Researchers have completed the latest tests on a revolutionary undersea network of hi-tech sensors that could change oceanography forever - and capture new visions of events such as volcanic eruptions deep beneath the waves.
A team using special robots spent three weeks examining the nodes which have been put 5,000 metres under the water’s surface off the coast of the Pacific Northwest.
They took pictures of the cables and the sensors to make sure they were in place and that the project remains on track.
Once it is completed the Ocean Observatories Initiative's underwater array will provide the most comprehensive survey of the sea ever made.
It will enable researchers to measure changes to the ocean’s chemical, biological, physical and geological processes - all at the same time.
Such a network is a huge technological shift away from ship-based research. And once it is up and running the data will be streamed on the Internet allowing other scientists and members of the public to view it in real time.
The latest tests involved sending a 274-foot research vessel called Thomas G Thompson 5,000 metres down to study the progress of the array.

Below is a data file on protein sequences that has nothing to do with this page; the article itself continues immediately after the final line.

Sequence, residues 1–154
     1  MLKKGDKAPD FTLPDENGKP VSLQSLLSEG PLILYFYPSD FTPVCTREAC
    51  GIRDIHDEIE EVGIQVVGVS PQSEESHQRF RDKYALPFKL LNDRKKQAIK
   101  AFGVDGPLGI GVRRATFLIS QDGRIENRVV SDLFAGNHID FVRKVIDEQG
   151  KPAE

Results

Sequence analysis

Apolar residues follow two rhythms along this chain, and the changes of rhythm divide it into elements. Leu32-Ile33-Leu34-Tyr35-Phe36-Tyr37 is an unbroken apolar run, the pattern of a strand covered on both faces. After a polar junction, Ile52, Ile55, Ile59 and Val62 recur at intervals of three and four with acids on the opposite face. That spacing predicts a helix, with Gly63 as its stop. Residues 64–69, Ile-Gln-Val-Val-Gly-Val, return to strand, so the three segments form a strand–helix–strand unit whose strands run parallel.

It is located about 300 miles off the coast of Oregon and when completed will have 16 sensors to study the sea bed and 17 going up to the surface.
Among the instruments will be a hydrophone to monitor wave movement, a seismometer to track tectonic plate movements, high definition cameras and even a DNA sampler.
The nodes will also have a sampler to monitor things like water acidity and will be linked to the ships on the surface via Internet ‘routers’ which broadcast the data.
Until now mankind has had to send manned submersibles to the depths in order to study them, but they can only remain there for a short period of time.
Sensors on satellites, another option, cannot go very far below the surface.
The undersea network by contrast has already filmed a volcano that erupted last spring at Axial Seamount off the coast of Oregon.
It has also taken pictures of a huge field of underwater ‘snowblowers’, which are created by lava flows and show where microbial life has been living.
The project, which has so far cost $153million, is scheduled to go live in 2014 and will produce data 24 hours a day for at least 25 years.
It is being funded by the U.S. National Science Foundation which has posted videos of the research on its Visions’ 11 website.
Tuesday, October 18, 2011
The 5000m-deep network of hi-tech sensors that will finally allow us to see beneath the sea
From Daily Mail Online: The 5000m-deep network of hi-tech sensors that will finally allow us to see beneath the sea